Last Wednesday I did a follow-up and we found that water had accumulated in my lungs since I left the hospital (I was 8 days out of hospital, 12 days post-op at that time). I had also gained several pounds in those 8 days despite not overeating, so I'd retained water elsewhere also.
I think the problem was that they had me on a strong diuretic in the hospital, and sent me home with a weaker one which in retrospect was inadequate.
So for the last 5 days I've been back on a strong diuretic and hitting the spirometer religiously. Lost all the weight gain plus two extra pounds. I don't think the lungs are 100% clear yet because I still get out of breath under all but the slowest walking, but we're getting there.
I think I could have caught this a bit sooner when I noticed the weight gain and that my stamina was not improving. But I followed my discharge instructions to the letter, which said "call in if there is greater than 5 pounds weight gain in a week or 2 in a day", and I didn't quite hit those triggers. I think the lesson is: when in doubt call.
I didn't get discouraged by this, I figure the lung rehab got delayed a bit but the heart and sternum still kept healing on schedule
My surgery went extremely well. I was remarkably calm going in because I put my confidence in a great surgeon (Dr. Gaudiani) and his team. There were no complications during surgery so he got the combined valve replacement and Cox-Maze III done in 3 hours with a full sternotomy.
Later in the afternoon we had a scare: Excess bleeding was happening from my chest tube (a fairly common complication). A team of about at least five highly competent Doctors and nurses was buzzing around me for what seemed like an hour.I was relaxed about putting myself in their hands (the drugs still in my system may also have helped). But my beloved wife Karen was sitting in the corner with eyes the size of silver dollars. I was pleased to see that from time to time one of the team would go over and give her an update and reassure her. The worst case would have been they’d have to wheel me back in to surgery and open me up to find the bleeding source. Fortunately they avoided that by pounding in some units of blood and clotting factors.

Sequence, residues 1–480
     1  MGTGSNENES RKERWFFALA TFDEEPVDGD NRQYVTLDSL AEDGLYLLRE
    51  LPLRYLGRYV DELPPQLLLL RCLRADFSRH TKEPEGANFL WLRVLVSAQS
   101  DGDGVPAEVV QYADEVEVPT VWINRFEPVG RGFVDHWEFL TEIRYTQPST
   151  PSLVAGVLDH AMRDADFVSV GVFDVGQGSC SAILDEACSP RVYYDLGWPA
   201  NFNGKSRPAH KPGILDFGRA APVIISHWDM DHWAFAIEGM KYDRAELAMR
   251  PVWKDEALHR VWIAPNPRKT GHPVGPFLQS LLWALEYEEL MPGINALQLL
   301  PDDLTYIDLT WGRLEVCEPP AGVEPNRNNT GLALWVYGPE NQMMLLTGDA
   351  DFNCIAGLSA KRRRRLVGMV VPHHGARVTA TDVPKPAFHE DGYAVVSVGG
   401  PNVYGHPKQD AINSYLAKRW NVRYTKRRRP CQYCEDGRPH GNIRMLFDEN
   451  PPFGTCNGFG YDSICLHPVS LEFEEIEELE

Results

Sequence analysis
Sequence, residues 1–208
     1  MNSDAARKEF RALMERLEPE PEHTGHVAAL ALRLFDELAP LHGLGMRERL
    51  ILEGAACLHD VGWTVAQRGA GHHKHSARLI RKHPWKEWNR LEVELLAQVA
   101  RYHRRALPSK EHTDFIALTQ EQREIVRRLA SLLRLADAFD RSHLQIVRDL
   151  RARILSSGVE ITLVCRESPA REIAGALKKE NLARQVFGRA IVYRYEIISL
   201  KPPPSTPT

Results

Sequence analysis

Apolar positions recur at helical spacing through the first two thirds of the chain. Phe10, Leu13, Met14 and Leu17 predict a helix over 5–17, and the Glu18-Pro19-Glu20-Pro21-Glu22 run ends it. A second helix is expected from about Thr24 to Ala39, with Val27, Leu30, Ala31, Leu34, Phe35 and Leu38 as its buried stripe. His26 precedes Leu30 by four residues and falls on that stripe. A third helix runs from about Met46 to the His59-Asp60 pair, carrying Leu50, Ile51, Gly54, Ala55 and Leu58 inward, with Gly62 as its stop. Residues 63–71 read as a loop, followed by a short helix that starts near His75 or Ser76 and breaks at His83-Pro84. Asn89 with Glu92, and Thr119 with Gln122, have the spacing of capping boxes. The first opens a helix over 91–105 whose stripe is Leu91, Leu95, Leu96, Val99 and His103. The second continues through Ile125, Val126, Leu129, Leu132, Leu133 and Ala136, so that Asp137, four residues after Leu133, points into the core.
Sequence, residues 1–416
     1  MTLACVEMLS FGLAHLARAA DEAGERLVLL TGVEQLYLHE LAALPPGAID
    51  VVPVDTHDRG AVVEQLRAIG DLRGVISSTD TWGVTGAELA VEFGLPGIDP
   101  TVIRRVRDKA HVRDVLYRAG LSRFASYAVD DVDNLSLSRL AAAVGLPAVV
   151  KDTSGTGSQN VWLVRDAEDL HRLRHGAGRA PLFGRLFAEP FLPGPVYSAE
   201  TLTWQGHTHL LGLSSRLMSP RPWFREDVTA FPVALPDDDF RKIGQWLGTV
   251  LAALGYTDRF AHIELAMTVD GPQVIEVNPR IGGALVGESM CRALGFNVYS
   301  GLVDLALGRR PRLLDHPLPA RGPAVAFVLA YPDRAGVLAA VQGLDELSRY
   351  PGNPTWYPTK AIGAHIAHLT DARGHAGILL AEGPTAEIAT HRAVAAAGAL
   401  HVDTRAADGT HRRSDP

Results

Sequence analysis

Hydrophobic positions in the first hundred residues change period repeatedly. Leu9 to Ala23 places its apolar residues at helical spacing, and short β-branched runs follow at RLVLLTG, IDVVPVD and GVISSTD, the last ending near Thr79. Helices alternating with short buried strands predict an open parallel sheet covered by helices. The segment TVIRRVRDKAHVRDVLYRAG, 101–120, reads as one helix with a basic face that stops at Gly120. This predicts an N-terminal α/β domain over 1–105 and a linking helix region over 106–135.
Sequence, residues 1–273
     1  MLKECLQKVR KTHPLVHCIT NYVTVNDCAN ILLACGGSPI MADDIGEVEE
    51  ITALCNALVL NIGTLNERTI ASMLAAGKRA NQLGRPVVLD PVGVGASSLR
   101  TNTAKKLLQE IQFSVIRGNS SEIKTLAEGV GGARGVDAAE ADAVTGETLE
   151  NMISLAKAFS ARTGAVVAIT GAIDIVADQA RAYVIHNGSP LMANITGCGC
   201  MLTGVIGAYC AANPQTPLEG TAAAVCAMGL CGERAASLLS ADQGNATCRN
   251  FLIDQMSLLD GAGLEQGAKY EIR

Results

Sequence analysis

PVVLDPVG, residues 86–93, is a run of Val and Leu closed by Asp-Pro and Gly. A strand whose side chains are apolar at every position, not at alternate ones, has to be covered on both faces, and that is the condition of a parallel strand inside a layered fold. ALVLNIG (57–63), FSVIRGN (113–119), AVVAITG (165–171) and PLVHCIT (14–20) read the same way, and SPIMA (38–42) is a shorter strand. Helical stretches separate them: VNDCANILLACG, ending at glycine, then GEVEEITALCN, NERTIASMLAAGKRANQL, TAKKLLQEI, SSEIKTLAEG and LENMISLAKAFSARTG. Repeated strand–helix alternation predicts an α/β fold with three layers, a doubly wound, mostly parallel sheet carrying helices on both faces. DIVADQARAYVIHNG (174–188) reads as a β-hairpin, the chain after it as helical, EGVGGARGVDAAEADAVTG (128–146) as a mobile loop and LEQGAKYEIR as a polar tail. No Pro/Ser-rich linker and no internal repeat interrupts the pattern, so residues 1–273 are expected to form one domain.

Later that evening, anesthesia wore off and I was in significant sternum pain. It was knocked out with a tramadol, an oxycodone, and another tramadol (spaced out over several hours). That was the last time I needed narcotics for the entire stay. Only tylenol from then on! The narcotics remained on my chart "as needed" but I didn't have to ask for them. I don't know if I was just lucky or Dr. Gaudiani did an extra good job wiring the sternum back together.